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Arkansas hospitals seeing huge increase in COVID-19 testing

As the omicron variant continues to spread in central Arkansas, testing has skyrocketed as a result, with UAMS seeing three times as many people as they usually do.

LITTLE ROCK, Ark. — As the omicron variant continues to spread in central Arkansas, testing has skyrocketed as a result, with UAMS seeing three times as many people as they usually do.

"Now we're seeing 700 or 800 patients a day with expanded hours and expanding through weekend hours as well," Dr. Michelle Krause, a leader of the UAMS COVID response team, said.

If you've been trying to get a test, then you probably already know that it hasn't been the easiest thing to do.

"Made us turn away or had to shut down our clinic early because we just couldn't get all the patients through," Dr. Krause said.

There's good news though as she said there's tests available now, which hasn't always been the case recently. 

But, one thing that hasn't changed much though are the lines – those at the hospital have stayed busy.

"We have that ability to offer help, testing for those in need," Dr. Krause said.

But what are you supposed to do if you can't sit in line for a test? 

State health officials have said the best thing to do if you're showing symptoms is to assume you're positive.

"So if people are having symptoms of COVID-19 and they can't get tested, they should stay home," Dr. Jennifer Dillaha with the Arkansas Department of Health, said.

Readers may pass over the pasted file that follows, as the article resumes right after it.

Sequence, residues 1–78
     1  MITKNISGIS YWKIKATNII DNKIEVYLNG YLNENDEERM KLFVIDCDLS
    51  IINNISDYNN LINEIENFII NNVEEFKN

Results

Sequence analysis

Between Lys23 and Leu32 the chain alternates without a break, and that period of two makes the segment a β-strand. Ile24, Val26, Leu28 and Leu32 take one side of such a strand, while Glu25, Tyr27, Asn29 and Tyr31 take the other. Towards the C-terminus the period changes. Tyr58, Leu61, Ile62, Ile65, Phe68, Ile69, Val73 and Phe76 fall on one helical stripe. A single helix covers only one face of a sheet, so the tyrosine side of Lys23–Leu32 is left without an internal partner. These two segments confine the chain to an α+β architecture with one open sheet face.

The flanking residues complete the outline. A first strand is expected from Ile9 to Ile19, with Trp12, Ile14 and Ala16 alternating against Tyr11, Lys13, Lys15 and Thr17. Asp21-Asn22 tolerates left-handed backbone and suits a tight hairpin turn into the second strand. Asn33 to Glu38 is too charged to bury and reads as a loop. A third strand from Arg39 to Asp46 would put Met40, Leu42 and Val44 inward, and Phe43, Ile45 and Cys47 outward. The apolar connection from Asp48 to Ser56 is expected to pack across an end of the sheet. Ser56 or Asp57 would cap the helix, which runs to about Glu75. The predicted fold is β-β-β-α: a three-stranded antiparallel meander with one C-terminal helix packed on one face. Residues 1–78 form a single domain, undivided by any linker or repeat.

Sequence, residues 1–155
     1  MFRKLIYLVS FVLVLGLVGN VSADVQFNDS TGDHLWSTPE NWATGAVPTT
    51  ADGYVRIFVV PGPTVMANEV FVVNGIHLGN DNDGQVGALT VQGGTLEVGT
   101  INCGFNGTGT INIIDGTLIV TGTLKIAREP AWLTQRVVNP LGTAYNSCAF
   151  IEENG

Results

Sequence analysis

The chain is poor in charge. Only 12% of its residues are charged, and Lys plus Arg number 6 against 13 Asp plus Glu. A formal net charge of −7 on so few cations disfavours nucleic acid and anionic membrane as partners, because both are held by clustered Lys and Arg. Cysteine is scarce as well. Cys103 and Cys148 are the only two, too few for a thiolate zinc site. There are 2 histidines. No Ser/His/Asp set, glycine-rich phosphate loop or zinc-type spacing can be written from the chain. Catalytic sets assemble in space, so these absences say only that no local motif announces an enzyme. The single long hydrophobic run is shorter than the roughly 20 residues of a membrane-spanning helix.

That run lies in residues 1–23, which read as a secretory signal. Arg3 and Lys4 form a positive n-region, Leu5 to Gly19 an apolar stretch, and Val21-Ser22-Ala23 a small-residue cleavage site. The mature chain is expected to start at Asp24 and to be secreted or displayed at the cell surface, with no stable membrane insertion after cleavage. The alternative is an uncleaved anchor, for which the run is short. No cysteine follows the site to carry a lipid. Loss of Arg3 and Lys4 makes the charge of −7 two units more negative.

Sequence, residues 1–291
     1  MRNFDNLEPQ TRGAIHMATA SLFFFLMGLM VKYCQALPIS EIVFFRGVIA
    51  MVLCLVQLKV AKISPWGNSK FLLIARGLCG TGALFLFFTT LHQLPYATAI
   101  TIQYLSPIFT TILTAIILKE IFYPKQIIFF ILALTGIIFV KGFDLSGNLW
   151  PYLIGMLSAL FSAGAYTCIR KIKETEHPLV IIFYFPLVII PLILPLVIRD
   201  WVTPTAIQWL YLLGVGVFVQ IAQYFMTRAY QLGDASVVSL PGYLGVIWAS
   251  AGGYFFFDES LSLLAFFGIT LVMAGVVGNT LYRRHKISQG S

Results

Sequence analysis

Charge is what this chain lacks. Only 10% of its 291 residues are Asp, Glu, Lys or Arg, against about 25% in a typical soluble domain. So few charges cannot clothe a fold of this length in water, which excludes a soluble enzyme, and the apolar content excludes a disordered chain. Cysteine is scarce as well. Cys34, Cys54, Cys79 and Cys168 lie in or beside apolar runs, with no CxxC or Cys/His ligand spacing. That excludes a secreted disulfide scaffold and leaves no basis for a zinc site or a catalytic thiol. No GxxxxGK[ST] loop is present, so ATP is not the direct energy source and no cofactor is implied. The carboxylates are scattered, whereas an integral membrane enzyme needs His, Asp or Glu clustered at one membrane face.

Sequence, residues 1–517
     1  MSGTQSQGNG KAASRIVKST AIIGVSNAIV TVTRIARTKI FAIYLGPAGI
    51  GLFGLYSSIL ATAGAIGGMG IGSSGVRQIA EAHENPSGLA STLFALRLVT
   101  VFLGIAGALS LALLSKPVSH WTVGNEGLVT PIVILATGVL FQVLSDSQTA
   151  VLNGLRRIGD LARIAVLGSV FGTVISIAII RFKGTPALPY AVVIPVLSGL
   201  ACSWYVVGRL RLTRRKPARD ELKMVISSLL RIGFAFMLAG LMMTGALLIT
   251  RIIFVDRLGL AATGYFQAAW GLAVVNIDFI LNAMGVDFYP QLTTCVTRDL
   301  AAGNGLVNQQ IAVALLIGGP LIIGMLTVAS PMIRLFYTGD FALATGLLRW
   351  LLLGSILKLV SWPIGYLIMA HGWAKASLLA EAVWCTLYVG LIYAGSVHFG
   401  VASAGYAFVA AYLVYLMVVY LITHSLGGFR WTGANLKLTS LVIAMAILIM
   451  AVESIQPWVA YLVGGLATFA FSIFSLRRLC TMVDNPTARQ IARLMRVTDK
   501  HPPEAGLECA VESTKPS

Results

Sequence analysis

Despite that, Dr. Dillaha said you should still try and get a PCR test like the ones offered at UAMS.

But, if you're showing symptoms and you're having to wait, health officials said it's safer to assume you're positive.

"If there's other people in the household, you need to stay in a different room. If you have to go in the same room, you should wear a mask," Dr. Dillaha said.

Dr. Krause said it cold be a couple weeks until we're past the peak of this surge, but the most important thing now is patience.

"We are really trying, and I know everyone is really trying to increase our efficiency so we don't have people waiting as long, so they don't get discouraged and leave," she said.

Dr. Dillaha said the department of health is ordering 1.5 million at-home tests for Arkansans and that more information will be released early next week.

She also said that those tests will be free.

For those that are looking to get tested, UAMS' clinic is open every day from 7:30 a.m. until 5:30 p.m.

   

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